Sir Richard J. Roberts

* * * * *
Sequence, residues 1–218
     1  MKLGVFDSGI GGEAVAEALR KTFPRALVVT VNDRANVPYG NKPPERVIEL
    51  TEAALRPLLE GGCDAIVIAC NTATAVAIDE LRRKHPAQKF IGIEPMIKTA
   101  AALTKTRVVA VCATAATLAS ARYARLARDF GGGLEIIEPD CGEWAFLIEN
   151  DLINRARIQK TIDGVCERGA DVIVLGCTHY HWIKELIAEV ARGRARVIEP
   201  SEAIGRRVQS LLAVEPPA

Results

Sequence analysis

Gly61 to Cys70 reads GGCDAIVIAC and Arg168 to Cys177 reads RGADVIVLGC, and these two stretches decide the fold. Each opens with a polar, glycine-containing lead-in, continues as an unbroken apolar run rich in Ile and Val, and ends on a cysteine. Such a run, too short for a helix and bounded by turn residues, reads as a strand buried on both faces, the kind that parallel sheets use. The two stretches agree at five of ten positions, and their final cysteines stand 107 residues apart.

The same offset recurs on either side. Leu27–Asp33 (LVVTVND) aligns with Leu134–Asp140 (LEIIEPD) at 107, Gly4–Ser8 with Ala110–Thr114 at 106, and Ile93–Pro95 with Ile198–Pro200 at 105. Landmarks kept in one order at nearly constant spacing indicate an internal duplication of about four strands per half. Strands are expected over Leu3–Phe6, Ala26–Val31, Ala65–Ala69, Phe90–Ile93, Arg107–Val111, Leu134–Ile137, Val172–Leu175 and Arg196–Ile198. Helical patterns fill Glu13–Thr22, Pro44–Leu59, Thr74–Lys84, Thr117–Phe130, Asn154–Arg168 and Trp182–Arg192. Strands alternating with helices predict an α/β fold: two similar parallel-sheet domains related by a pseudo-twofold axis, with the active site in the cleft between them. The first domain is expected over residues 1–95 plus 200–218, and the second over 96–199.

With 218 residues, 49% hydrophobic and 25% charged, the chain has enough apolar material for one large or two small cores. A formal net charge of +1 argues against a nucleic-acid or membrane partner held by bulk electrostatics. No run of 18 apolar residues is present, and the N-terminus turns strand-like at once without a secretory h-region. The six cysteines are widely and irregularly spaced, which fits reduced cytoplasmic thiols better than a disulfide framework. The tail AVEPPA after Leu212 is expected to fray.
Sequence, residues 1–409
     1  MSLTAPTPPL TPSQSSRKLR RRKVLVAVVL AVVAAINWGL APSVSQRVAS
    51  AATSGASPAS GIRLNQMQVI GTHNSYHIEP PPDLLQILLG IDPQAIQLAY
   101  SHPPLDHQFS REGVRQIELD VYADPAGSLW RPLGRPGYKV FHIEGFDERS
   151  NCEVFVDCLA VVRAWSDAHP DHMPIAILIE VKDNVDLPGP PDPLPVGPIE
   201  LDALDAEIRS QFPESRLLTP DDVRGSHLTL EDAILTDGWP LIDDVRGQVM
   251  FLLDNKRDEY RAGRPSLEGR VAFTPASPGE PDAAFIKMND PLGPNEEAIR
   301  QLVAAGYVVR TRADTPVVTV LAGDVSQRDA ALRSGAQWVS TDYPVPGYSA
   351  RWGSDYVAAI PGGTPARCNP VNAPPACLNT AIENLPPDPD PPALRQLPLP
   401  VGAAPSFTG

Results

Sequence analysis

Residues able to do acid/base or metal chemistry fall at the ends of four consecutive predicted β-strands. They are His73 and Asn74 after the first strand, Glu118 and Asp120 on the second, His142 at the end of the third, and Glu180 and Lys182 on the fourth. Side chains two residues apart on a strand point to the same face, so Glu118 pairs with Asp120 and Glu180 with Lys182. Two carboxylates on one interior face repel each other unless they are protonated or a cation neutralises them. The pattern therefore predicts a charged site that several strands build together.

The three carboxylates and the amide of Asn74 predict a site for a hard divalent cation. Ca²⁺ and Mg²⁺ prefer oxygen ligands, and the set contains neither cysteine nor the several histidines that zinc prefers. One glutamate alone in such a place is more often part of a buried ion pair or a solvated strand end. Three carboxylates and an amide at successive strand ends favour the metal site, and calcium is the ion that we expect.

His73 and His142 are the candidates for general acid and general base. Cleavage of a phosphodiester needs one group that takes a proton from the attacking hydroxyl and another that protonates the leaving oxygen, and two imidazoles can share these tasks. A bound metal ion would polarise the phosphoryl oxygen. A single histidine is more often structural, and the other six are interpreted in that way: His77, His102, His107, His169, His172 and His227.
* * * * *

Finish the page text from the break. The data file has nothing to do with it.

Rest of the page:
Dr. Richard J. Roberts is the Chief Scientific Officer at New England Biolabs, Ipswich, Massachusetts. He received a PhD in Organic Chemistry in 1968 from Sheffield University and then moved as a postdoctoral fellow to Harvard. From 1972 to 1992, he worked at Cold Spring Harbor Laboratory, eventually becoming Assistant Director for Research under Dr. J.D. Watson. He began work on the newly discovered Type II restriction enzymes in 1972, and his laboratory discovered more than 70% of the first 100 enzymes described. In 1975 he became the fourth employee of New England Biolabs, first as their chief consultant, and later moved to the company permanently in 1992. Studies of transcription in Adenovirus-2 led to the discovery of split genes and mRNA splicing in 1977, for which he received the Nobel Prize in Medicine in 1993. During the sequencing of the Adenovirus-2 genome, computational tools became essential, and his laboratory pioneered the application of computers in this area. DNA methyltransferases, as components of restriction-modification systems, are also of active interest and the first crystal structures for the HhaI methyltransferase led to the discovery of base flipping. Bioinformatic studies of microbial genomes to find new restriction systems are a major research focus, as is the elucidation of DNA methyltransferase recognition sequences using SMRT sequencing and a new approach to elucidating m5C-containing recognition sequences. It is now clear that these enzymes do much more than simply protect host DNA from the action of their restriction enzymes. Since winning the Nobel Prize, Dr. Roberts has been involved in organizing a number of Nobel initiatives to correct scientific misunderstandings and promote humanitarian causes. His most recent campaign has been on the issue of GMOs, where 155 Nobel Laureates have supported the use of GMO techniques to improve plant breeding practices that could greatly help the developing world.